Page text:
In the discussion between individual interests of family members versus prosperity of the larger business system, long-lasting Japanese family businesses have opted towards a preference for the survival of the system and high-caliber talent, and thus survival and wealth of the family, instead of giving in to individualism and nepotism. More individualistic cultures may profit from discussing how the perspective of “ie” can contribute to their thoughts about succession planning, profiting together, and sharing a mutual core.

Second:

“ie” systems put a preference on excellent talent, even from outside the family lineage. The concept of “adopting” talent can be a valuable thought for family businesses from other cultures. It might not necessarily mean legally adopting high caliber talent, but can also be reflected in partnership models between families and external talent, to assure long-term alignment of interest and incentives for top talent to support long-term survival of the family’s prosperity, especially in the absence of next generation leaders.

Third:

In the current trend of family business advisory to “sell the writing down process of complex family constitutions” and establishing complex legal structures, one should not forget the importance of actually “being together”, spending time, communicating and mutually supporting each other. It is the unwritten spirit of “ie” and truly lived unity that is powerful. Written agreements are nice add-ons, but worthless if the core “ie” does not exist.

Fourth:

“ie” systems are efficient, as they have a clear line of command. Family business systems from other cultures can adopt the fact that systems and hierarchies (e.g. between family councils, family offices, holding companies, investment committees etc.), once they are established by mutual consent and put to work, can “get to work” according to the delegations of authority, and are not held up by questioning decisions once taken.

In a nutshell:

If family businesses from around the world strive for future prosperity and family survival in an increasingly volatile, uncertain, complex and ambiguous world, learning from the success models of Japan’s family businesses can be a valuable contribution to a discussion about belonging, achievement and survival, together.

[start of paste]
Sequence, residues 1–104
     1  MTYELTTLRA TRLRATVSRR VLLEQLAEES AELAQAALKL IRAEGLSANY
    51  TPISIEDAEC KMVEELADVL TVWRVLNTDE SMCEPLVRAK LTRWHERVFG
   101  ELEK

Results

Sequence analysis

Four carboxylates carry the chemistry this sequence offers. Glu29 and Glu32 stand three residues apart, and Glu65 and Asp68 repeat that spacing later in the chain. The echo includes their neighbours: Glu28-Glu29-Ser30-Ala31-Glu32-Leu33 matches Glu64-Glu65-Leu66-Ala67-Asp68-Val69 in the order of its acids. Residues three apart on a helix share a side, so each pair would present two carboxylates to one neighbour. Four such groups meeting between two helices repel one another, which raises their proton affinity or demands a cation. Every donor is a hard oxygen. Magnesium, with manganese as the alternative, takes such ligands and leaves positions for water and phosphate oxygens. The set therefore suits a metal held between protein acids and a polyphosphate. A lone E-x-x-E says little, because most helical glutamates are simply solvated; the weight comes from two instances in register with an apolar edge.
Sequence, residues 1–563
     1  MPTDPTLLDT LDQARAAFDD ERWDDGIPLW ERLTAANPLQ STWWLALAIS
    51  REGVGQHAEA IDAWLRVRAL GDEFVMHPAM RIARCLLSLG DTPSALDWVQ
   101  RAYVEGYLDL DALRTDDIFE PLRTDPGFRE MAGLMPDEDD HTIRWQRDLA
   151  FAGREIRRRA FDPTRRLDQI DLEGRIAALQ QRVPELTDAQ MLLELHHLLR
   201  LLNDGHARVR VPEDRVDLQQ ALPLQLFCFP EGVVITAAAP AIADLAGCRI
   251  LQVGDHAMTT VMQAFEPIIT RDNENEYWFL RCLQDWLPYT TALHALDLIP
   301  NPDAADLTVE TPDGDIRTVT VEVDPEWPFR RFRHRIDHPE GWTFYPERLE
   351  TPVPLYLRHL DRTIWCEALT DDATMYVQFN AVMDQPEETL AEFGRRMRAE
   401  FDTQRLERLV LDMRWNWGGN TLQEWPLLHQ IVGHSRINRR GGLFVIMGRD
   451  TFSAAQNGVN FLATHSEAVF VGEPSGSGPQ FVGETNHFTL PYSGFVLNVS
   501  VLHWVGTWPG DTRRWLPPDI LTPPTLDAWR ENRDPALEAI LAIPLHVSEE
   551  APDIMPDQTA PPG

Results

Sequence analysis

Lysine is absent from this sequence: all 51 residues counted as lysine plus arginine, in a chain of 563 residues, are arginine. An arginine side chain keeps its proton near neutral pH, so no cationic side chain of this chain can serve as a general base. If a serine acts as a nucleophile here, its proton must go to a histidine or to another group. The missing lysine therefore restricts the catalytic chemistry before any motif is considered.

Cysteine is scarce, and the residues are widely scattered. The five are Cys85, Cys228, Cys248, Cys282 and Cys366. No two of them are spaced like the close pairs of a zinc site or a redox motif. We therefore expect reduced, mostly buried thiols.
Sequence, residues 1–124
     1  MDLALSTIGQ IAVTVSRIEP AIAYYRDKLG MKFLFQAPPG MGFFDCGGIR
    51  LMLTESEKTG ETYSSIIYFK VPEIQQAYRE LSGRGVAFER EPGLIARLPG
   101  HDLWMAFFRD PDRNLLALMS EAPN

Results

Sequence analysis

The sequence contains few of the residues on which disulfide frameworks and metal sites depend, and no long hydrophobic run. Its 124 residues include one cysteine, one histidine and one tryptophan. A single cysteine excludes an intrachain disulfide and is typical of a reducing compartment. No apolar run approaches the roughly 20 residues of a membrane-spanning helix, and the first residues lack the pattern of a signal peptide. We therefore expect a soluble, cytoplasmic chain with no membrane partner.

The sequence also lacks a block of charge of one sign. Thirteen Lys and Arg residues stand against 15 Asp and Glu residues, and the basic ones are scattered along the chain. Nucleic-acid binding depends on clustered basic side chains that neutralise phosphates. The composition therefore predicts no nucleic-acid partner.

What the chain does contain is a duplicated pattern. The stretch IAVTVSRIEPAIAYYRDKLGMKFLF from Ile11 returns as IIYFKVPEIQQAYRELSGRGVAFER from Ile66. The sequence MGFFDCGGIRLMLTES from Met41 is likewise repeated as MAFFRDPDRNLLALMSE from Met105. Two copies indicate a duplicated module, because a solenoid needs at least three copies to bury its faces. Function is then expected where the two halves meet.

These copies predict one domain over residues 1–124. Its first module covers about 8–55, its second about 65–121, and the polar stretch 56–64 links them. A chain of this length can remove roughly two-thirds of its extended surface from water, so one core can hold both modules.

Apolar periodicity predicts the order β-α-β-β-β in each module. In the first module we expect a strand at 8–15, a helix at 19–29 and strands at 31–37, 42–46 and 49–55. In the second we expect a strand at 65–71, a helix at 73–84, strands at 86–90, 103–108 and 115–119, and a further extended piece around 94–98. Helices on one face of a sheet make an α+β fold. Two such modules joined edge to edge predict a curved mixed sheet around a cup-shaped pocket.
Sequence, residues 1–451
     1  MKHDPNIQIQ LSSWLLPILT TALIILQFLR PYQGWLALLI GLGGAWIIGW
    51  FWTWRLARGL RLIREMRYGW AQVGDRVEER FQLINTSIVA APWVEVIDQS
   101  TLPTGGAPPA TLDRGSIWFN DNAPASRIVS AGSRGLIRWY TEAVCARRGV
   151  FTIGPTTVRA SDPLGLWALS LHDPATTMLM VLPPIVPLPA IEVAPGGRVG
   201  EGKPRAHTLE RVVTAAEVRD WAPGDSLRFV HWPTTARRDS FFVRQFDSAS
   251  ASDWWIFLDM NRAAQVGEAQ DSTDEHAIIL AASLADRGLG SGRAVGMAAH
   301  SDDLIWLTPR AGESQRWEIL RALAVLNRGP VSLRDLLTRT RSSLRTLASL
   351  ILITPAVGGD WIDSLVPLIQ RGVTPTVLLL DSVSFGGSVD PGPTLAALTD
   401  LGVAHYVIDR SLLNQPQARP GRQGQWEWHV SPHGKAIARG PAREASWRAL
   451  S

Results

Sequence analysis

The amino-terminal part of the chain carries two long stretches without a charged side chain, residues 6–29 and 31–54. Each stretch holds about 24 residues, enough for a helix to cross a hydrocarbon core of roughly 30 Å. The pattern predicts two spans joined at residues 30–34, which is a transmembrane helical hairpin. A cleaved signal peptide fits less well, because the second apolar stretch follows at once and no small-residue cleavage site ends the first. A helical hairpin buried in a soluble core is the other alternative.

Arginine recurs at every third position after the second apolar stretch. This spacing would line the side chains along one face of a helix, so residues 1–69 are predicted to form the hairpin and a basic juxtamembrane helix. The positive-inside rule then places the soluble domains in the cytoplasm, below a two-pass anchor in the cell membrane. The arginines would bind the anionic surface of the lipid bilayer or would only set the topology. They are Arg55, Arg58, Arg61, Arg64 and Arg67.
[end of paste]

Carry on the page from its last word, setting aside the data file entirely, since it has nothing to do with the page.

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MBS Hendrik Schwartz
About Hendrik Schwartz
Hendrik Schwartz is a Singapore-based entrepreneur and INSEAD alumnus. He successfully led MNCs globally with teams and profit and loss spanning across 4 continents and 23 countries. He has worked and lived in Germany, Spain, The Netherlands, Dubai, Singapore, and 7 years Japan. He currently advises, mentors and invests in fast-growth B2B start-up technology companies, and also provides strategic consulting services to leading multinationals. Hendrik is presently invested as a value-adding angel in 10+ companies in Japan, Hong Kong, China, Thailand and his hometown Singapore. He is also an active member of the Young Presidents Organization (YPO) Singapore Chapter and was serving on their Executive Committee in various functions from 2013 to 2015.
Prof. Dr. Marc-Michael Bergfeld
About Prof. Dr. Marc-Michael Bergfeld 17 Articles
Marc-Michael H. Bergfeld holds the professorship in Global Family Firms at Munich Business School and is director of studies of the MBA General Management. Prior to joining Munich Business School, Bergfeld gathered international experience in management consulting and in large family enterprises, for example in Latin America, the U.K., India and China. In 2007, he founded Courage Partners Group, a boutique advisory practice, helping business families and their firms in strategy, innovation & investment, including the Courage Center at Munich Business School as think tank and executive education institute. He continues to run Courage Partners Group as Managing Director and teaches “Corporate Strategy, Innovation & Change” as well as “International Family Firms” in the Master and MBS classes at MBS. Lecturer Profile at MBS